A Fashion Show With an Unexpected Focus: Sexual Assault Survivors


The dress was a collaboration with the artists Suzanne McClelland and Alix Pearlstein as part of their recent series that places text onto garments. In 2019, they created a trench coat with all the questions that were asked to Christine Blasey Ford, who accused Justice Brett Kavanaugh of sexual assault, in her Senate testimony. In 2020, the artists printed Anita Hill’s testimony against Justice Clarence Thomas onto a shirt dress.

As for the Survivors’ Bill of Rights, it was inspired by Ms. Nguyen’s own personal experience.

In 2013, in her final year at Harvard, she was raped in her dormitory. After getting a rape kit at the hospital — invasive exams that collect crucial evidence in assault cases — and speaking with legal advice groups, she learned two things: That rape trials often take years, even decades, with low conviction rates, and, unless a survivor presses charges, rape kits are often destroyed before they are even tested, though timelines vary by state.

In Massachusetts, where Ms. Nguyen was living at the time, rape kits were being destroyed within six months, even though the statute of limitations was 15 years. That meant that twice a year, Ms. Nguyen had to apply for an extension to keep her kit in the system, forcing her to relive the traumatic experience over and over.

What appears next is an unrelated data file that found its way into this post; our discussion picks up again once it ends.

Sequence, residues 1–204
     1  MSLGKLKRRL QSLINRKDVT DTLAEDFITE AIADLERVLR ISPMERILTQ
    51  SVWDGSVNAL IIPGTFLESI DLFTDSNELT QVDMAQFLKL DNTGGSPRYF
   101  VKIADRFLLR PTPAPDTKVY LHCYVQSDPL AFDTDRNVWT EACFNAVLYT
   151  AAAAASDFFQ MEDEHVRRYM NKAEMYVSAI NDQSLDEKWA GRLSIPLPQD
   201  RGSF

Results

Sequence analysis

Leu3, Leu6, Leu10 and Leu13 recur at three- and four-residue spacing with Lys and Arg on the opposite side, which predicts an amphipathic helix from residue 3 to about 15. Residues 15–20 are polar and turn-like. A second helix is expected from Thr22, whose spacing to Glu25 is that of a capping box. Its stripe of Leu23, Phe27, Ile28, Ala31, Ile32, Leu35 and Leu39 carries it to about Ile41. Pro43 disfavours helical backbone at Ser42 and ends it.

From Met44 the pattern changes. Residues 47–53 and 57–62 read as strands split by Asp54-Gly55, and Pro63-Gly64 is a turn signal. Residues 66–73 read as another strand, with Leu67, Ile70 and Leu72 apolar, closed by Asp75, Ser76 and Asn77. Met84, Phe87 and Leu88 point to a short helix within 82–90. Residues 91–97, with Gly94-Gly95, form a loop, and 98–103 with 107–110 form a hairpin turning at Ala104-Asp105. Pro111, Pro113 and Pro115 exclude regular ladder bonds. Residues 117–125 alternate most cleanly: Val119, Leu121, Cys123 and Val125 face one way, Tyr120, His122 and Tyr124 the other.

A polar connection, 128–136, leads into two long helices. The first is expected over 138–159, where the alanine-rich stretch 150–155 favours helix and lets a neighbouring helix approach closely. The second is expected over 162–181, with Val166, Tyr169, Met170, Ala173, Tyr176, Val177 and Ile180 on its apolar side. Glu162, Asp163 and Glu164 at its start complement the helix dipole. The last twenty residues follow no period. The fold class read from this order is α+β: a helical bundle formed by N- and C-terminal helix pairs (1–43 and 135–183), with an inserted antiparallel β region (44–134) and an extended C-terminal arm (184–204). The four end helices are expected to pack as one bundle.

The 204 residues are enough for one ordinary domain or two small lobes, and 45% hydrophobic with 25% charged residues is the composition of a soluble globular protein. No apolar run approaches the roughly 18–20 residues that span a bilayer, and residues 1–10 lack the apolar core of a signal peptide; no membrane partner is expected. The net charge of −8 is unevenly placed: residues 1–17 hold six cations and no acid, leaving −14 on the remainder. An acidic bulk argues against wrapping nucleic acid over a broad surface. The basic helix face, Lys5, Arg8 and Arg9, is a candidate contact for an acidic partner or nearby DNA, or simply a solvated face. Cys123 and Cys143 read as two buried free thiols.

“I just remember feeling so betrayed. Survivors are told to go to the police and go to the hospital to get a rape kit only to find out that the system is like a Kafkaesque game of ‘Saw,’” she said, referring to the horror movie franchise. “Why is the deck so stacked against survivors?”

Navigating the labyrinthine process spurred Ms. Nguyen to create her organization, Rise, and lobby lawmakers for better protections. The Survivors’ Bill of Rights mandates that rape kits are preserved for a state’s maximum statute of limitations, that victims are not charged a fee for getting rape kits and that victims can access results from the rape kit.

Since then, Rise has helped pass similar protections in 30 states and D.C., and, in 2018, Ms. Nguyen was nominated for a Nobel Peace Prize for her activism.

Over the last two years, Ms. Nguyen has also been spearheading an effort for a global version of the Survivors’ Bill of Rights, in the form of a U.N. resolution that will be introduced by Sierra Leone at the General Assembly later this month.